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Publication numberUS3641339 A
Publication typeGrant
Publication dateFeb 8, 1972
Filing dateJun 23, 1969
Priority dateJul 5, 1968
Publication numberUS 3641339 A, US 3641339A, US-A-3641339, US3641339 A, US3641339A
InventorsMccormick Andrew
Original AssigneeAtomic Energy Authority Uk
Export CitationBiBTeX, EndNote, RefMan
External Links: USPTO, USPTO Assignment, Espacenet
Gas chromatography{13 mass spectrometry
US 3641339 A
Abstract
A small magnetic field is applied to the ion beam from the mass spectrometer ion source to deflect a substantial proportion of the relatively light carrier gas (e.g., helium) ions in the beam from impinging on the beam monitor electrode of the mass spectrometer, while leaving the relatively heavy sample (e.g., hydrocarbon) ions substantially undeflected. This increases the detection sensitivity and alleviates the need for ion source retuning between recording and standby conditions.
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Description  (OCR text may contain errors)

Umted States Patent 1 3,641,339 McCormick 1 Feb. 8, 1972 [54] GAS CHROMATOGRAPHY-MASS [56] References Cited SPE TR METRY C 0 UNITED STATES PATENTS [72] yf r g gg'z Basmgsmke 3,429,105 2/1969 Llewellyn et a1 ..73/23.1 x P 3,475,604 10/1969 Noda et a1 ..250/41.9 ME [73] Assignee: United Kingdom Atomic Energy Authority,

London, England Primary Examiner-James W. Lawrence Assistant Examiner-A. L. Birch [22] June 1969 Attorney-Larson, Taylor and Hinds [21] Appl. No.: 835,706

ABSTRACT [30] Foreign Appicafion P i it D m A small magnetic field is applied to the ion beam from the mass spectrometer ion source to deflect a substantial propor- July 5, 1968 Great Britain ..32,335/68 on of the relatively light carrier gas (egl helium) ions in the beam from impinging on the beam monitor electrode of the [52] US. Cl. ..250/41.9 G, 73/23.l, 250/419 S, mass Spectrometer, while leaving the relatively heavy Sample 250/419 ME (e.g., hydrocarbon) ions substantially undeflected. This in- [51] Int. Cl. .1101] 39/34 creases the detection Sensitivity and alleviates he need for ion [58] Search "250/41 4 source retuning between recording and standby conditions.

7 Claims, 2 Drawing Figures PATENTEDFEB @1912 3.6% ,339

GAS CHROMATOGRAPHY-MASS SPECTROMETRY BACKGROUND OF THE INVENTION This invention relates to combined gas chromatographymass spectrometry. This technique is described, for example, in a review paper by Leemans and McCloskey in J. Am. Oil Chem. Soc., Vol. 44, No. I, pp. 11-17(1967).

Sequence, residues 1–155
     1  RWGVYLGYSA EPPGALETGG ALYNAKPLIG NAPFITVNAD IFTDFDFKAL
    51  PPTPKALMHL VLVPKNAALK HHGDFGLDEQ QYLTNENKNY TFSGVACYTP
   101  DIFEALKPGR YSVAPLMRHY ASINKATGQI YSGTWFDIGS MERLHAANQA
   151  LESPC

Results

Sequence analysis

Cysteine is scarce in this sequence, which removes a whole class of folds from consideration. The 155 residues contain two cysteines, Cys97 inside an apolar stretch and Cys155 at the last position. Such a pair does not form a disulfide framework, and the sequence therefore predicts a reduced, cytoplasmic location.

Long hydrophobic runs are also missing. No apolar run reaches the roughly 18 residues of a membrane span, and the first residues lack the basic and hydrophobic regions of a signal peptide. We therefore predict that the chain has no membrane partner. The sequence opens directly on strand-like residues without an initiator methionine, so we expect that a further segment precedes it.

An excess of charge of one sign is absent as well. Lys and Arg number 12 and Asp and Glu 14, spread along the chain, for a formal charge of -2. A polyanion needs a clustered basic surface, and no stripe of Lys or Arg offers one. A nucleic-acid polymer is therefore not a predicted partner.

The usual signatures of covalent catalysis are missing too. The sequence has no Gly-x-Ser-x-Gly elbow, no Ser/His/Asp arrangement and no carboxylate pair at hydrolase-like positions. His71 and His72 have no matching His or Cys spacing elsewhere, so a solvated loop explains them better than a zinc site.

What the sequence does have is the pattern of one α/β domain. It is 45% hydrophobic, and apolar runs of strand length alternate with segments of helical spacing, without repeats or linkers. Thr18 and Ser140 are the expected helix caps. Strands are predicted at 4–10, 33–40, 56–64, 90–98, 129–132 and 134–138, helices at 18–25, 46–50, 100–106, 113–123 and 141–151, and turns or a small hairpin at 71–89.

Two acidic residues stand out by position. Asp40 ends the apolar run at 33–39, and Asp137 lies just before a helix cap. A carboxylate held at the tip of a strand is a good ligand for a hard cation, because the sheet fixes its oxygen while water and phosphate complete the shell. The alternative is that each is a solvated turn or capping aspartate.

In combined gas chromatography-mass spectrometry the samples are carried from the chromatographic column to the mass spectrometer ion source in a carrier gas, usually helium, and the total ion current monitor of the mass spectrometer is used as the gas chromatograph detector. The limit of sensitivity is usually determined by the fluctuations of the carrier gas pressure in the mass spectrometer ion source. These are caused by variations in the gas flow throughthe chromatographic column and in the pumping speed of the mass spectrometer, and may be such as to produce fluctuations in the total ion current of amplitude equivalent to that due to emergence of a peak from the chromatograph. This effect can be avoided by reducing the energy of the ionizing electron beam in the spectrometer ion source to e.v. Helium is not ionized at this energy (ionization potential 24.6 e.v.) and variations of the helium pressure thus have no etfect on the mass spectrometer total ion current. However at this lower-than-normal electron energy, ionization cross sections are greatly reduced, and this situation is aggravated by the fact that a lower ionizing beam current of electrons has also to be used to ensure filament stabilization at the reduced voltage. The total result of this can be a reduction of at least fiftyfold in the mass spectrometer sensitivity. Further, mass spectra for various reasons are normally recorded at an energy of the electron beam of 50 to 70 e.v. If the spectrometer is run at 20 e.v. during standby conditions, i.e., until a gas chromatograph peak is detected by the beam monitor electrode, and a mass scan is then required, there must be some means of switching to, say, 70 e.v. at the start of the mass scan and back to 20 e.v. at the end of it. Ion source tuning for maximum sensitivity is generally different for each of these settings, and thus it is impossible to have the maximum sensitivity for the two conditions simultaneously.

The above-described difficulties exist even where means are provided between the column and the ion source for removing carrier gas from the gas stream, since such means inevitably leave some carrier gas in the stream.

SUMMARY OF THE INVENTION According to the present invention in apparatus comprising a gas chromatographic column and a mass spectrometer for analyzing the output from said column of samples mixed with a carrier gas, said mass spectrometer including an ion source to which the output of the column is fed and an ion beam monitor electrode, a magnet is provided for applying a magnetic field to the ion beam from the ion source to deflect a substantial proportion of the relatively light carrier gas ions in the beam from impinging on the beam monitor electrode while leaving the relatively heavy sample ions substantially undeflected.

Said beam monitor electrode may be preceded by an apertured electrode and said magnetic field may be arranged to cause said deflected carrier gas ions to strike said apertured electrode while said undeflected sample ions pass therethrough.